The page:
Spotify Stock’s Rally: Too Far Too Fast?

Spotify Stock’s Rally: Too Far Too Fast?
Cheyne Gateley/VIP

We may be in the midst of a global pandemic and economic recession, but that hasn’t stopped Spotify stock from soaring to all-time highs this year. Shares of the audio streaming platform have retreated a bit from record levels hit in late July, but it has been an eye-popping run by any stretch of the imagination. 

Despite a slew of justifications for the impressive performance thus far, could the stock be grossly overvalued?

So far in 2020, Spotify stock is up nearly 70% and more than 100% since the March lows. Meanwhile, the S&P 500 gained 4% this year and more than 50% from the market bottom. 

There are a couple key reasons for Spotify stock’s surge in the face of such challenging macroeconomic conditions. First, the stay-at-home culture has breathed new life into streaming, whether it’s audio or video. 

The COVID-19 pandemic forced the world’s population to shelter in place for months, and companies such as Spotify and Netflix saw user growth jump as a result.

Spotify reported that monthly active users (MAUs), a key industry metric, soared 29% to 299 million during its second quarter ended June 30. Paid subscribers of Spotify Premium jumped 27% from last year to 138 million. 

According to the company, global consumption hours are essentially back to pre-COVID levels, and it sees user growth continuing to climb through the rest of this year.

Talk about user-engagement wins. This brings us to the second big reason Spotify has been on a tear — podcasts. Not just any podcasts but exclusive ones with high-profile people like Kim Kardashian West, Joe Rogan and former First Lady Michelle Obama.

Cofounder and CEO Daniel Ek knows whether controversial or not, all three of those public figures have loyal followers. Rogan may have signed with Spotify in mid-May, but West signed her deal in mid-June and Obama inked hers less than a month ago. 

That means investors have yet to see the user boost created by these deals. Those results will be revealed in the coming quarterly results. However, markets are forward looking, so the massive rally in Spotify stock has a lot of these growth drivers priced into it already. Then that begs the question: Is there more room to run?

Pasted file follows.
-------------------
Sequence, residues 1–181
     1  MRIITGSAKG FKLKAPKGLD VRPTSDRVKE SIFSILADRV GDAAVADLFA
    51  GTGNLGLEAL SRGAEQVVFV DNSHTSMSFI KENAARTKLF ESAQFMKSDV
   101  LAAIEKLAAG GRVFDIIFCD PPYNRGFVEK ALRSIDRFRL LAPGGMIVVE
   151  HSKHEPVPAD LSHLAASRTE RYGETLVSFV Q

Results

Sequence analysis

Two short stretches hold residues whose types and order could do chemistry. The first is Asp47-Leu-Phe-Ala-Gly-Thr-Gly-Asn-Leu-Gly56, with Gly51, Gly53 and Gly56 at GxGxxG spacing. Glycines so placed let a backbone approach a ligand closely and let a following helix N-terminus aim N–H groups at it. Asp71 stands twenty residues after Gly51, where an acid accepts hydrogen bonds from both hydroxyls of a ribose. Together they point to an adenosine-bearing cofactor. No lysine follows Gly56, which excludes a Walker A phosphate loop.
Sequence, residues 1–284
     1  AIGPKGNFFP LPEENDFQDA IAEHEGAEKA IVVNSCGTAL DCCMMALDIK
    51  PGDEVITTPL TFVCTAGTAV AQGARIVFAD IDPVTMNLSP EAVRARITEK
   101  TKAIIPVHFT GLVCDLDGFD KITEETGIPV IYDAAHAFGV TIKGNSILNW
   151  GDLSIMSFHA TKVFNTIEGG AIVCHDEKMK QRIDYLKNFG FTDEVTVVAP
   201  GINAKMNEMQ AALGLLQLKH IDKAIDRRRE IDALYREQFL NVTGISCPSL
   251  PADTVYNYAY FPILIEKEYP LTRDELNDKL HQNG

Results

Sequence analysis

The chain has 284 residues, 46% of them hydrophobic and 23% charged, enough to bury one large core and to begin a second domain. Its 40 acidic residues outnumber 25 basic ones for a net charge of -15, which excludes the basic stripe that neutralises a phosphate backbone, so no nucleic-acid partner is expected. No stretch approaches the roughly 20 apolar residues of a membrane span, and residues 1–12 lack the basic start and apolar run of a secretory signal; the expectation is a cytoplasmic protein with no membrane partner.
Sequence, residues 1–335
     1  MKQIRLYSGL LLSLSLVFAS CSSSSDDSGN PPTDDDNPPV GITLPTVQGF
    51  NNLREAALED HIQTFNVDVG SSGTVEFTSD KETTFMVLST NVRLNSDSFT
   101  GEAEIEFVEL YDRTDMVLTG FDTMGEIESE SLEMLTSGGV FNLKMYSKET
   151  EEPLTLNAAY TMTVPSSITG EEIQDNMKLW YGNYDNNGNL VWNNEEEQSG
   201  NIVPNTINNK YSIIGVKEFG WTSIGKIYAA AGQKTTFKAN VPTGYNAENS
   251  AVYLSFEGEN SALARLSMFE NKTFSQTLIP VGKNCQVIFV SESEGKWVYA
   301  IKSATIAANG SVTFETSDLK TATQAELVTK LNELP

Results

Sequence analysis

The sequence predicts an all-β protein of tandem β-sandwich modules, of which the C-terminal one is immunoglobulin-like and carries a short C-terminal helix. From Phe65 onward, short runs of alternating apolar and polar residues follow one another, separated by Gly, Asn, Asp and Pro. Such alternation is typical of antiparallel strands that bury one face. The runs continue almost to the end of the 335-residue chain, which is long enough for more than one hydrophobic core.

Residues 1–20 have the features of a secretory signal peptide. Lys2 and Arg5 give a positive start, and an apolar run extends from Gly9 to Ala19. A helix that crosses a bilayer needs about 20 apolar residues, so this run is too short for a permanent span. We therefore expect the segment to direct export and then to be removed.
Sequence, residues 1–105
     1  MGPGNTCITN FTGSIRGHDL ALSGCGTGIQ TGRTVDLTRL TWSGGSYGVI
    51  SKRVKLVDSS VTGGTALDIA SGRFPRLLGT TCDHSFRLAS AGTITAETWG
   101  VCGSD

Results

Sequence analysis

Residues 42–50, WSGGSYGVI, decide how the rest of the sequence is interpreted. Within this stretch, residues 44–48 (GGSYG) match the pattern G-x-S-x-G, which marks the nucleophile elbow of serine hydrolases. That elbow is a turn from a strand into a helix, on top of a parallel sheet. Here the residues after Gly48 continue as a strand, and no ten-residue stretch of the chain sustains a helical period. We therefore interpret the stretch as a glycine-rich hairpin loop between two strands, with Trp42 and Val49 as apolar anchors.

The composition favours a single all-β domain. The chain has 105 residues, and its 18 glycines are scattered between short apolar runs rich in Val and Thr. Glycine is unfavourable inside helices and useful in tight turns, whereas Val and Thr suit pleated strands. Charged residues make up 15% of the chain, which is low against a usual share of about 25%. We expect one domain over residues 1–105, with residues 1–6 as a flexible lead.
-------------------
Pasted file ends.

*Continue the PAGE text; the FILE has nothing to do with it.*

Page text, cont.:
Some have said Spotify’s recent focus on beefing up its content library is reminiscent of Netflix’s strategy in the streaming wars. It’s true that Spotify’s penchant for aggressively spending money on content is right up Netflix’s alley, but here’s where things are different — audio isn’t video. 

Music streaming is a tough business because distributors like Spotify still have to relinquish the power. Most of the revenue Spotify generates from music streaming ends up back in the hands of artists and labels. 

That’s why the company is pivoting to shift some focus to podcasts. With podcasts, Spotify doesn’t have to work with labels and can pocket most of the money it brings in, especially through ads. The company currently boasts roughly 1.5 million podcasts on its platform.

Makes sense, right? But it’s not cheap. Spotify reportedly paid Rogan $100 million for his exclusive deal, and it’s unclear how much money he’s going to make for the company. Plus, while podcast consumption on the platform is growing, it is still rather low. About 21% of total MAUs listen to podcasts as of the second quarter.

That said, one advantage for Spotify is it does have advertising as a channel for revenue. Whether you’re a free or paid user, ads run in all podcasts on Spotify. Ad revenue only represents about 10% of total revenue for the service, but management has previously said it plans to grow that into a bigger part of its business. 

Here’s why that could be problematic. As we’ve seen throughout the pandemic, subscription-based revenue is more resilient to economic turmoil and volatility than ad revenue. Companies that bring in recurring revenue from subscriptions have been richly rewarded, whereas significant pullbacks in spending have punished those that rely on advertising revenue.

Spotify has been a growth story with a visionary founder, and it is taking aggressive steps to ensure it not only survives but ultimately thrives in a highly competitive environment. Wall Street tends to favor companies that are growing rapidly, and even though there is a lot of potential surrounding the podcast growth story, it could be argued that the stock may have run a little too far too fast.

With a market cap of nearly $50 billion, the valuation is sky high. Will Spotify lean more heavily into the subscription-based model or the ad-revenue model? It remains a critical question that will determine the future direction of the stock.